EDMONTON -- Carolina Hurricanes general manager Jim Rutherford laughed at the suggestion.
In the wake of defenceman Chris Pronger's sudden exit from Edmonton this summer, are GMs concerned hockey wives will start hen-pecking their husbands into trade demands?
Do managers have to be more careful who they sign to long-term deals?
Do they have to clear it with The Missus before offering Joe All-star that four-year, $20-million contract?
In a word: No.
In three words: Are you kidding?
"With the salaries players make now, they know that in the off-season and when they retire, they'll have lots of time and money to go and live wherever they want to," Rutherford said.
"Right now those decisions are absolutely based on hockey. The bottom line when they're choosing a team is: Where is the organization going, do I have a chance to win there and what is my opportunity as a player going to be?
"It's more the organization and the opportunity than it is the city."
Yet Edmontonians couldn't help but feel Chris Pronger's decision to request a trade out of the Alberta capital had everything to do with the city.
After all, the team fell just one victory short of winning the Stanley Cup last spring.
And the club had inked him to a five-year, $31.25-million US deal the previous year.
Pronger -- who was shipped to Anaheim in July -- stressed he made the decision to leave Edmonton for "personal reasons" although that didn't stop many from believing wife Lauren was the primary catalyst.
Yet the Pronger Precedent apparently will not affect how GMs do business.
Ottawa Senators GM John Muckler said it's hard enough trying to make a new player feel comfortable, let alone worrying whether or not his wife likes the shopping malls.
"You hope she's going to be happy but the main thing is: Is the player going to be happy?" Muckler said.
"As far as the wives are concerned, we try to accommodate them when they come to the community, give them everything they need to help settle in.
"And we like to see them get involved, with charities, for example, and work along with the hockey club.
"One of the major problems a wife can have is she kind of gets shut off from everybody. We try and open it up for them, introduce them to the city and its people."
Making the wives feel welcome is about as involved as any GM wants to get.
That's not about to change in the wake of Pronger's deal because a wife forcing a trade is a once-in-a-decade anomaly that doesn't reflect the NHL's player-wife dynamic.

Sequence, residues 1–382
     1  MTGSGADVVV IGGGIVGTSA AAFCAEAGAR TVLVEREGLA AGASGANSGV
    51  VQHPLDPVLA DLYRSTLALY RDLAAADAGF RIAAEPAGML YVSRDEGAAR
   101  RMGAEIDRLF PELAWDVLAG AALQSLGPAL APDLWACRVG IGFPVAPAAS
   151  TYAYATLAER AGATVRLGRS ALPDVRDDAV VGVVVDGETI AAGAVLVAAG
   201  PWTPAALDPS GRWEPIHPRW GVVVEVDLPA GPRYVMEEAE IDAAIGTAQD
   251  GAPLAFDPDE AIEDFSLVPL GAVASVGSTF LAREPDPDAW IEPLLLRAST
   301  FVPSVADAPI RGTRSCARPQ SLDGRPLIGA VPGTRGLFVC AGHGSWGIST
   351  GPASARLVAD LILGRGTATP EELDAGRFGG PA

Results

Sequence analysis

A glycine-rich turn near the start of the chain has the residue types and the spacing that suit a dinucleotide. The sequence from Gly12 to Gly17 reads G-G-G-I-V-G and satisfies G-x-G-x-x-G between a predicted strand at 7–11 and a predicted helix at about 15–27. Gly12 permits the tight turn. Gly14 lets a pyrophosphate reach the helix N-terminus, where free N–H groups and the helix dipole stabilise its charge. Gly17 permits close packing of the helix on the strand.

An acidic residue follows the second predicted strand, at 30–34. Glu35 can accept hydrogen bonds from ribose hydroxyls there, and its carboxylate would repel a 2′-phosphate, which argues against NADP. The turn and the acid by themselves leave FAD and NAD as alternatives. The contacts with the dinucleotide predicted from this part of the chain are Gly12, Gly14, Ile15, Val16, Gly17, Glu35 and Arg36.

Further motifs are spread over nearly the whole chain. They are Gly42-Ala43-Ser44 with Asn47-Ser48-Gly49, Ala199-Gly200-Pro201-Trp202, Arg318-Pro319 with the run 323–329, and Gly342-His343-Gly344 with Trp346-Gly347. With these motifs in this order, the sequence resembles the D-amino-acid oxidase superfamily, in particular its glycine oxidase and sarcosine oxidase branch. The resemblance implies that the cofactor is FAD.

"Prior to a guy signing somewhere he's going to sit down with his wife and family and say, 'Is this the place we want to go?' " Rutherford said. "They will have made those decisions long before they sit down to finalize a deal with us."
And because salary-cap issues can severely reduce the number of potential suitors, picking and choosing isn't always an option.
If a player and his gal want to limit their search to West Coast sunbelt teams with room in the budget for a 31-year-old winger making $3.9 million, they could be waiting a while.
From Rutherford's experience, it's only when two teams are after the same player, and the opportunity and the money are equal, that secondary factors such as lifestyle and climate come into play.
"Lifestyle is important," he said. "But let's face it, no matter where you go, you're going into a good situation. We've got big markets and small markets, Canadian cities and U.S. cities, warm- weather cities and winter cities -- in some ways they're different but there are no bad cities in the NHL.
"If it's about playing in a warm climate, then, yes, a player will want to play in Florida before he wants to play in Canada."
Oilers GM Kevin Lowe, who still has the burn marks from last summer, doesn't have a whole lot of sympathy for homesick wives, either.
"You're in the National Hockey League, you make a lot of money and these moves are only for a short period of your life," he said.
"Family can come visit you. You're welcomed into the new team. I'm probably going to come off sounding like Blackheart ..."
Not that they aren't concerned about the personal well-being of their players' families -- if there are serious issues to be dealt with, GMs are there to help -- but it's a highly competitive business, not a social club.
If a player ever wanted out because he and his wife longed for the sunny beaches, Muckler says he'd help the guy pack.
"I haven't heard of any players wanting to walk away for those reasons," he said.
"But if you're thinking about the warm weather, hockey is not your top priority. You don't want that player anyway."